If excessive dryness or increased skin irritation develops, discontinue use of this
Paediatric population: Paediatric patients may demonstrate greater susceptibility to topical corticosteroid-induced hypothalamic-pituary-adrenal (HPA) axis suppression and to exogenous corticosteroid effects than mature patients because of greater absorption due to a large skin surface area to body weight ratio.
HPA axis suppression, Cushing’s syndrome, linear growth retardation, delayed weight gain, and intracranial hypertension have been reported in children receiving topical corticosteroids. Manifestations of adrenal suppression in children include low plasma cortisol levels and absence of response to ACTH stimulation. Manifestations of intracranial hypertension include a bulging fontanelle, headaches and bilateral papilledema.
Diprosalic skin preparations are generally well tolerated and side-effects are rare.
Continuous application without interruption may result in local atrophy of the skin, striae and superficial vascular dilation, particularly on the face.
Adverse reactions that have been reported with the use of topical corticosteroids include: burning, itching, irritation, dryness, folliculitis, hypertrichosis, acneiform eruptions, hypopigmentation, perioral dermatitis and allergic contact dermatitis.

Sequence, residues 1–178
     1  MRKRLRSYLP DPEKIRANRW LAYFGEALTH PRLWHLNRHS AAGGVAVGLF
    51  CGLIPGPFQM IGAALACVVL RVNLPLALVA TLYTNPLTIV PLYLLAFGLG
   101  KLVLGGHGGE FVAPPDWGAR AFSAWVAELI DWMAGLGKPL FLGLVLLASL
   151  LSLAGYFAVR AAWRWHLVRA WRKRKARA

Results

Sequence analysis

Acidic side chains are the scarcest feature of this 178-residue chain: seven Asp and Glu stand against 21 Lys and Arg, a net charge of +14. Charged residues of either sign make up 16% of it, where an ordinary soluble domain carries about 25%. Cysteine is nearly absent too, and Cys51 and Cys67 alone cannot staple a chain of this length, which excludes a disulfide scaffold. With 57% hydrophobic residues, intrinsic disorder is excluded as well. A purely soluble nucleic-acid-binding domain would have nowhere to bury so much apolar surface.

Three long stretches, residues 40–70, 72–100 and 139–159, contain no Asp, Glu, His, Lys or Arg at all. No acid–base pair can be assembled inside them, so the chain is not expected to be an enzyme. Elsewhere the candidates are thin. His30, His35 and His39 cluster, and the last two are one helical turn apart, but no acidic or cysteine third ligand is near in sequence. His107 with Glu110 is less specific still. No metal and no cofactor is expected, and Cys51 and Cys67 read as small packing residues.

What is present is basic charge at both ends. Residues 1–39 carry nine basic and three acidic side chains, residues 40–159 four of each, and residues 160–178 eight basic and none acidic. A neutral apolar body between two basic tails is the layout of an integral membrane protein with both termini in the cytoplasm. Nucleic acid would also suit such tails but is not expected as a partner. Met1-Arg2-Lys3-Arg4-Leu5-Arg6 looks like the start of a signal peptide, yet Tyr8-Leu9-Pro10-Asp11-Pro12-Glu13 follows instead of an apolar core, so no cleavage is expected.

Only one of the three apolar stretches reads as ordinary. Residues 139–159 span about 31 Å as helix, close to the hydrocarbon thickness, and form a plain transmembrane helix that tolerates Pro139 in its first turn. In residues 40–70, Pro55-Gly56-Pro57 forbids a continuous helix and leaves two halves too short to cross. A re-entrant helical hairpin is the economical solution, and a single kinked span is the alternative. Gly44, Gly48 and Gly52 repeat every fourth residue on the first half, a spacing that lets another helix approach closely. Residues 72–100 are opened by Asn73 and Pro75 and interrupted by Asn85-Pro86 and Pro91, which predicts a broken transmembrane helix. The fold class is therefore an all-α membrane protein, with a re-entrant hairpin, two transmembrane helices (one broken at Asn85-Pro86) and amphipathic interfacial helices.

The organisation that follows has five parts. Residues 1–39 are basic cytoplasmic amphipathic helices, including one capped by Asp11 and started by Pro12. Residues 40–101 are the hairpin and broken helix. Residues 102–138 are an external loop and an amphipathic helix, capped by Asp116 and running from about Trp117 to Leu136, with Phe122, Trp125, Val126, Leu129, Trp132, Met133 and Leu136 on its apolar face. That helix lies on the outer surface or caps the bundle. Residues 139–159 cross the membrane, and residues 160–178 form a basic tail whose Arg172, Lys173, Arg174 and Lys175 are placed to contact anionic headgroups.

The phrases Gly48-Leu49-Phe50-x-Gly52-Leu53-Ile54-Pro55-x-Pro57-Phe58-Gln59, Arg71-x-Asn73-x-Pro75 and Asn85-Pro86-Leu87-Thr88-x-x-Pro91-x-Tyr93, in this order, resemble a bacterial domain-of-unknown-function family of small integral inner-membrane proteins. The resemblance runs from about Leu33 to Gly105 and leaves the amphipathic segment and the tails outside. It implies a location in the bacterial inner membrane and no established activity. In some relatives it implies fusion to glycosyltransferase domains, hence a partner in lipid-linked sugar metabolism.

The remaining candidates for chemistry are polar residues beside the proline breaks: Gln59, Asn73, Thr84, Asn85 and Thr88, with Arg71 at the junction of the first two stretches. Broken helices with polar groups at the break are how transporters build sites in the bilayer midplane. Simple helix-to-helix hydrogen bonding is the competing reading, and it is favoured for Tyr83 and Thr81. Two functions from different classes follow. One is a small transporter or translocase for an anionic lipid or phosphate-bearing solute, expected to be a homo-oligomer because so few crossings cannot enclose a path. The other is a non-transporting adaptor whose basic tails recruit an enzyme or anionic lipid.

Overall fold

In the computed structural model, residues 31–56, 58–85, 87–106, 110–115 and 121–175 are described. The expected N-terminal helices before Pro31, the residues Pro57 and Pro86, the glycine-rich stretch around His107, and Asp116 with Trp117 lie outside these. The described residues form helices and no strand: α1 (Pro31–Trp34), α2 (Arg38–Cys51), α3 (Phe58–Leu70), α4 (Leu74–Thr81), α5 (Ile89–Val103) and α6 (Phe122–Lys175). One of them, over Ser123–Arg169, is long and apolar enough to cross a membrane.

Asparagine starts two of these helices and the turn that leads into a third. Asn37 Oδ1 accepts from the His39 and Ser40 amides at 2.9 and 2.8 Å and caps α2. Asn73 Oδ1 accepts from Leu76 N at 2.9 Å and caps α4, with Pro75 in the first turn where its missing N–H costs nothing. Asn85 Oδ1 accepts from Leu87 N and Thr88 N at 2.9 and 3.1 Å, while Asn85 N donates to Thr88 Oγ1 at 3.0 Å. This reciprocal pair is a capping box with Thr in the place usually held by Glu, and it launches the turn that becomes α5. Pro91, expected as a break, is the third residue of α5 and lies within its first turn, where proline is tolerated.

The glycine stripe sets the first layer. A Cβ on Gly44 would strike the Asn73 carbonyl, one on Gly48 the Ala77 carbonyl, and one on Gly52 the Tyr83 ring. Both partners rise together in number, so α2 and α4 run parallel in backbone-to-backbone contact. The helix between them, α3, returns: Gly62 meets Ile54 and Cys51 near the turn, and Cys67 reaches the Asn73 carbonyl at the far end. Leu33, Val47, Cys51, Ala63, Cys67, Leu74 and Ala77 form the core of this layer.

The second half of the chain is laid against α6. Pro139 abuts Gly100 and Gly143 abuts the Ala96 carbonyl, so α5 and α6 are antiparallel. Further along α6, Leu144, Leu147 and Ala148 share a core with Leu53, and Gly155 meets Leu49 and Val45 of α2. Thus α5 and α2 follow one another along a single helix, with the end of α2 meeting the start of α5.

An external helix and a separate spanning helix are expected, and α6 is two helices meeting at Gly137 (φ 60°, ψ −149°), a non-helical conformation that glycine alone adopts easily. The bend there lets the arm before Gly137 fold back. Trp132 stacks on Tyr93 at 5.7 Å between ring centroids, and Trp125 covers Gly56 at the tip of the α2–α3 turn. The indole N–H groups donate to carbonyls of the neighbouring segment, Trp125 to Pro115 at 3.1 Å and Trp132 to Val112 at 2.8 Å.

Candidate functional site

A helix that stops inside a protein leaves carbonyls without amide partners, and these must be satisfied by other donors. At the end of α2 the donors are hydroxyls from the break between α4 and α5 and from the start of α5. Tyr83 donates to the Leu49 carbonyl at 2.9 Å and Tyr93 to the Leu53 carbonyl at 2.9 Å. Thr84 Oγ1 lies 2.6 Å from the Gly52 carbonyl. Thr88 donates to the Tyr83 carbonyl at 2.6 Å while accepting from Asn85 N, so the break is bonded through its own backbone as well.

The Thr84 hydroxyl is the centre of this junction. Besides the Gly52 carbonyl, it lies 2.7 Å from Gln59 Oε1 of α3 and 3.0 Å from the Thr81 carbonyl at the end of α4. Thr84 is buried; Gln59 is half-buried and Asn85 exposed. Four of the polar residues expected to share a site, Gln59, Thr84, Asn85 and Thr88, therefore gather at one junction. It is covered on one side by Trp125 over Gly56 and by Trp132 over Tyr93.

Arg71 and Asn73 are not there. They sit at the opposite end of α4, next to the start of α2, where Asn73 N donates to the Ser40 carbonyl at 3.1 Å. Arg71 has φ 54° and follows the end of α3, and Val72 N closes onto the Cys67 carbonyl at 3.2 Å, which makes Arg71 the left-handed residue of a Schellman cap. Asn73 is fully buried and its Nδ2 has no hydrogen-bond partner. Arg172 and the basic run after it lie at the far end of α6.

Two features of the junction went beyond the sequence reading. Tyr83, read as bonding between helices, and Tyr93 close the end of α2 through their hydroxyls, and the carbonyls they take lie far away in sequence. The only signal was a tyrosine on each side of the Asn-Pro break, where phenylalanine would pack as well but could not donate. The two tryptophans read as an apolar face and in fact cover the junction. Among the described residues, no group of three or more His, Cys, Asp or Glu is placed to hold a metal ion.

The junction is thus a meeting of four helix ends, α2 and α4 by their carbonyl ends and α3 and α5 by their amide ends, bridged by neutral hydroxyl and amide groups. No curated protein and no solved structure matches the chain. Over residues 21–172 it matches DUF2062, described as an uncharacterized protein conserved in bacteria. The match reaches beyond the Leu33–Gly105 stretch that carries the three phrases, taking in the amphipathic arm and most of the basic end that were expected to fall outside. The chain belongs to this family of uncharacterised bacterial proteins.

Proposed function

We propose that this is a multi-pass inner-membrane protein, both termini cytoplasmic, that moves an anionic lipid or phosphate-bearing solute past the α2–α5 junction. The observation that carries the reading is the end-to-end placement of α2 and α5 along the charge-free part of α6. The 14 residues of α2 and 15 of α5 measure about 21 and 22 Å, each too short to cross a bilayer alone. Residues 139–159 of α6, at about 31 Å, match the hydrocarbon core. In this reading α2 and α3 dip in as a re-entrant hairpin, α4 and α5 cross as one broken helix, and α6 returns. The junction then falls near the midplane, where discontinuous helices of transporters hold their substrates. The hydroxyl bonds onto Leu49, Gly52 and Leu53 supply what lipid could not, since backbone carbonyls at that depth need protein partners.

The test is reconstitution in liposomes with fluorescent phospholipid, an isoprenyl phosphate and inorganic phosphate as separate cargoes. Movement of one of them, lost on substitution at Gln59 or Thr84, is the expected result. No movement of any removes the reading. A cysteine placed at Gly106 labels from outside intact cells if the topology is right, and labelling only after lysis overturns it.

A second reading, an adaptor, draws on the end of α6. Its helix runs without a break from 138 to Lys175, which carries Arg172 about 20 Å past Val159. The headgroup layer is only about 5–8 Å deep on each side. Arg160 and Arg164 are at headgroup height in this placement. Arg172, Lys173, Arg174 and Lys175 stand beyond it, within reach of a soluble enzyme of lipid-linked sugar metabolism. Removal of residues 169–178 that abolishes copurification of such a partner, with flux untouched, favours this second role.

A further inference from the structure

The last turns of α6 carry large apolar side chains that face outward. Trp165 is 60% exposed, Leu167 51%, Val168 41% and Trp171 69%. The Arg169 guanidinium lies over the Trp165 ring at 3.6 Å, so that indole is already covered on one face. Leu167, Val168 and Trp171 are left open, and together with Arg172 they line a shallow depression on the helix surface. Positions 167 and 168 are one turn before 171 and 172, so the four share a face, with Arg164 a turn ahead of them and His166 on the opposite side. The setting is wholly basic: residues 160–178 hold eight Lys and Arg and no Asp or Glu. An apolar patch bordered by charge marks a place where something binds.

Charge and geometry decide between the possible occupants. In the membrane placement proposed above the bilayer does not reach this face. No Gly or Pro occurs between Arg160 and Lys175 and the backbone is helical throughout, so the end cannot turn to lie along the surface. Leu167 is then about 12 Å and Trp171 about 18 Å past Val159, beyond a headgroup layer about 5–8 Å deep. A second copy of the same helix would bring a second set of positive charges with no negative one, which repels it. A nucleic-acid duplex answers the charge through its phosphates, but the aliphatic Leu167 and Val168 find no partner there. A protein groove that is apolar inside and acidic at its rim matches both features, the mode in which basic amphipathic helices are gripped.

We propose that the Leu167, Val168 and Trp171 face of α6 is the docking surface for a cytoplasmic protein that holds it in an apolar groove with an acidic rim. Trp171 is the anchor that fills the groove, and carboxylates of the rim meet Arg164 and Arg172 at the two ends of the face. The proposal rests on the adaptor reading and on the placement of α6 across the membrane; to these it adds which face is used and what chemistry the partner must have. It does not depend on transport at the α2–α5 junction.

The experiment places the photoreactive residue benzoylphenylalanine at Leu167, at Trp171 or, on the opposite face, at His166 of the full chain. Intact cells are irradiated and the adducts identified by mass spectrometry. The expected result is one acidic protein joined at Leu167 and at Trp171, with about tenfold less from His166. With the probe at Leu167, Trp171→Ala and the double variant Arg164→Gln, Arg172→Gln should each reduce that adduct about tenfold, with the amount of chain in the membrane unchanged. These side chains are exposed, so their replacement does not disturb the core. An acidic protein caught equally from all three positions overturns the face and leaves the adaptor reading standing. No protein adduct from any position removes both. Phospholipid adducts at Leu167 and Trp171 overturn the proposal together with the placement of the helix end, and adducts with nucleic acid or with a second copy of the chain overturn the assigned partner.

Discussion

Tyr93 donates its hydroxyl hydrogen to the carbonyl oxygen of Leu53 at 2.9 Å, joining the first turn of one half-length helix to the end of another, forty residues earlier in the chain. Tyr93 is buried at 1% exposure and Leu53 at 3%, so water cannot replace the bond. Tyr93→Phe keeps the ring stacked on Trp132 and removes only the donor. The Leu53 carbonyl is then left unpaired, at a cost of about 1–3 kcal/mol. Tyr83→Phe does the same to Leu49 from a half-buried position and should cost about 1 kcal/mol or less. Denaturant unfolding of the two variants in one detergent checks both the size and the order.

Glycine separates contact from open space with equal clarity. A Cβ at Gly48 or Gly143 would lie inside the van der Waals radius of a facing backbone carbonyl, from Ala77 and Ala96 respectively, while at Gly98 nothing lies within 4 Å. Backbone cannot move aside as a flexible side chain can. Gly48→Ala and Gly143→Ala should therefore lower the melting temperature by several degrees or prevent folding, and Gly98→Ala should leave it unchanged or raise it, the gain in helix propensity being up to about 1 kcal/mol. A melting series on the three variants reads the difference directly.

The following may occur more frequently with the use of occlusive dressings: maceration of the skin, secondary infection, skin atrophy, striae and miliaria.
Vision blurred has been reported with corticosteroid use (frequency not known).
In addition, prolonged use of salicylic acid preparations may cause dermatitis.
Pregnancy and Lactation
Pregnancy: Since safety of topical corticosteroid use in pregnant women has not been established, drugs of this class should be used during pregnancy only if the potential benefit justifies the potential risk to the foetus. Drugs of this class should not be used extensively in large amounts or for prolonged periods of time in pregnant patients.
Lactation: Since it is not known whether topical administration of corticosteroids can result in sufficient systemic absorption to produce detectable quantities in breast milk, a decision should be made to discontinue nursing or to discontinue the drug, taking into account the importance of the drug to the mother.
Excessive prolonged use of topical corticosteroids can suppress pituitary-adrenal functions resulting in secondary adrenal insufficiency, and produce manifestations of hypercorticism, including Cushing’s disease.
Treatment: Appropriate symptomatic treatment is indicated. Acute hypercorticoid symptoms are usually reversible.
Treat electrolyte imbalance, if necessary. In case of chronic toxicity, slow withdrawal of corticosteroids is advised.
With topical preparations containing salicylic acid excessive prolonged use may result in symptoms of salicyclism.
Treatment is symptomatic. Measures should be taken to rid the body rapidly of salicylate.
Administer oral sodium bicarbonate to alkalinize the urine and force diuresis.
The steroid content of each tube is so low as to have little or no toxic effect in the unlikely event of accidental oral ingestion.